Is too much importance given to P/E ratios?
P/E, or price-to-earnings, ratio is the most common method used by the market to value and assess the share price of listed companies. It can be a useful starting point when considering the valuation dynamics of a standard industrial-type company.
But, as a fund manager and contrarian investor, we often ask ourselves where its use ends and how we can add value. And, like any headline measure, P/E has its shortfalls.
First, the P/E ratio of a stock is often quoted as ‘consensus’: the sum of various sell-side or market analysts. With the sell side losing revenue and talent, more often we find market earnings expectations to be unremarkable or just plain wrong. For an active manager however, we believe this can be an advantage. Relying heavily on our proprietary research and scrutinising the key variables in a company’s P&L, we typically find companies with materially divergent market forecast expectations. This is often the case for business transformation and turnarounds – a key focus of our portfolios and investment process. We also focus on earnings two, three or five years out and regularly challenge our team to find contrarian views in our investment universe.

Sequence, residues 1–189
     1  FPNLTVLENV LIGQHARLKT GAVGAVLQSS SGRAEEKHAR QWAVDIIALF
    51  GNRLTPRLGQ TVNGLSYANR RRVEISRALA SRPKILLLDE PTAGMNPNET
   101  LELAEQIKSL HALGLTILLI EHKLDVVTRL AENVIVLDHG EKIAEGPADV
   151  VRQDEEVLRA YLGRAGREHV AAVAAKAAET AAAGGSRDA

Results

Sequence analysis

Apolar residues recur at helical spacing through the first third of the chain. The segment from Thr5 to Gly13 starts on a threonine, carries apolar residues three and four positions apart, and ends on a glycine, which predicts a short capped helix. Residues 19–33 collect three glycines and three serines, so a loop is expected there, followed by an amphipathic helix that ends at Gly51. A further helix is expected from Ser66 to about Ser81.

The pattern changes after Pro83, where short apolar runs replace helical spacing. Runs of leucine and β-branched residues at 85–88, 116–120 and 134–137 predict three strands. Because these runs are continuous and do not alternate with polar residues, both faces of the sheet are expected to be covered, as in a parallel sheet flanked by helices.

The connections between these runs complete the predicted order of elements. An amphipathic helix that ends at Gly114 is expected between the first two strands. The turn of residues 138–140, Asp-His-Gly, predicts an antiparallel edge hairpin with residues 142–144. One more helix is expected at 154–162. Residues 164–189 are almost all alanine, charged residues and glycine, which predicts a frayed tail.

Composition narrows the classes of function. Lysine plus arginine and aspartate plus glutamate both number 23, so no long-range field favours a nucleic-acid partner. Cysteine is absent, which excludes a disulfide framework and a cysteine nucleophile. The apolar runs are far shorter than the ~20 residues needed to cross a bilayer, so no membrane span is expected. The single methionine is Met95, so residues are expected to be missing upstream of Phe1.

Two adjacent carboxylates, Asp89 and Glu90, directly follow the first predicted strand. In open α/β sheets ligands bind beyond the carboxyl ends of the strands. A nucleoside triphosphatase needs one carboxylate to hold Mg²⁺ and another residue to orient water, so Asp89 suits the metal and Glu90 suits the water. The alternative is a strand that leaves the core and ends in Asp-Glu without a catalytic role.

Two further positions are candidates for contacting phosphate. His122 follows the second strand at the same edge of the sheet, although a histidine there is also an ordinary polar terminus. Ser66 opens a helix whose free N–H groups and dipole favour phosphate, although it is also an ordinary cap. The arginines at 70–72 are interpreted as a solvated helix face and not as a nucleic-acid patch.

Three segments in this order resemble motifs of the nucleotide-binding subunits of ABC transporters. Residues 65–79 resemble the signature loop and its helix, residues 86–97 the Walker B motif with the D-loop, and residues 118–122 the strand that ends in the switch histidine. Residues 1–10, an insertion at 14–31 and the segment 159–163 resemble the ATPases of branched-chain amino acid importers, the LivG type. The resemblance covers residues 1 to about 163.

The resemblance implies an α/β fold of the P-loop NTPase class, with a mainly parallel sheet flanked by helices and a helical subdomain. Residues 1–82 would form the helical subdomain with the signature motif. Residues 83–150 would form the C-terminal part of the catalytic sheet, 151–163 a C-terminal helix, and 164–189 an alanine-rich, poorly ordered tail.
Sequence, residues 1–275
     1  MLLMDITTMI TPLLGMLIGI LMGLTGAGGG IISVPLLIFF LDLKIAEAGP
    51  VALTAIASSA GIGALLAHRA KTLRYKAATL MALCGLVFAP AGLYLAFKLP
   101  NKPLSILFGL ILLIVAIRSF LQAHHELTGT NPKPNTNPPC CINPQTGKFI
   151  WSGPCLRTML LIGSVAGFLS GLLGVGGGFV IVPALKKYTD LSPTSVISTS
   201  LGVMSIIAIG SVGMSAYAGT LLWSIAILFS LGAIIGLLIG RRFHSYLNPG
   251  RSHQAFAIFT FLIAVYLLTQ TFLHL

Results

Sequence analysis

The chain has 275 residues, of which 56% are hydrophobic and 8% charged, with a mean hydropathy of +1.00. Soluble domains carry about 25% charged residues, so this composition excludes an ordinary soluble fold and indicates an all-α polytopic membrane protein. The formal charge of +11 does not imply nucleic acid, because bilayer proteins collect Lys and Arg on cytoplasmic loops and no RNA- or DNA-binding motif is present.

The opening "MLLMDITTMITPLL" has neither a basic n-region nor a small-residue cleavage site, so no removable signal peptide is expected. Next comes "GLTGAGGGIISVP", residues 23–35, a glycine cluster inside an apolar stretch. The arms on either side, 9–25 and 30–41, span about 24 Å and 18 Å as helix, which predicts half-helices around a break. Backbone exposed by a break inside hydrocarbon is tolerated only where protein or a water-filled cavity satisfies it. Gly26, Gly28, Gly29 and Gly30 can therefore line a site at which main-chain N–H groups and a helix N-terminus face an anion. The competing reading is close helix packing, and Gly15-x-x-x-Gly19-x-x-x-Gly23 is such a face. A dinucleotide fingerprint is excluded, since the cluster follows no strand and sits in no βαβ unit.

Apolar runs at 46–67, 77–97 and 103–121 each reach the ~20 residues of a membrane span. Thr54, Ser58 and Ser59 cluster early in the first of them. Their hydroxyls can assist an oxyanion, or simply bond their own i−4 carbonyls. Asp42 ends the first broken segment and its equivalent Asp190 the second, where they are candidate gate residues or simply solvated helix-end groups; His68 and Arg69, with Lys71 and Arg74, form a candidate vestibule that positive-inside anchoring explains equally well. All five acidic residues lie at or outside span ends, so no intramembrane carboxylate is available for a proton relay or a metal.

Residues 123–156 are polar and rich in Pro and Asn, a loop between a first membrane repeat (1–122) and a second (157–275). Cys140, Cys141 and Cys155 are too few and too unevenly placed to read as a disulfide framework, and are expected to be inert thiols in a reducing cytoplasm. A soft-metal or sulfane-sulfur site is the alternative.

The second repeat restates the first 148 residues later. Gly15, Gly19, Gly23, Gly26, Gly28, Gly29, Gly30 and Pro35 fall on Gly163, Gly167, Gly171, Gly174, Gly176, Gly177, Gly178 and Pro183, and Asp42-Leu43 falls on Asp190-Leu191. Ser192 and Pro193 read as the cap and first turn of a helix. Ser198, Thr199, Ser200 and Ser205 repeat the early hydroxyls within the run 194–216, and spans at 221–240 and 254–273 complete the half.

Second, earnings forecasts (even our own) can be misleading. As a value manager, it’s important we follow the cash. Stated profit is good, but does it translate to cash received? Cash is what ultimately allows the board and management to continue maintaining and growing the business, as well as reward shareholders. We believe price-to-free-cash flow, or P/FCF, over a reasonable time frame is a better way to judge forecasts.
Market numbers can be used to create a long-run view of trading multiples, comparisons to peer companies and more. However, valuing or determining the correct ‘P’ for a stock, in our view, is part art, part science. Changes to a company’s strategy, size, business mix, margins etc. can make a company better or worse over time, forcing us to consider whether to value cash flows differently – and ultimately, add value.
As featured in The Constant Investor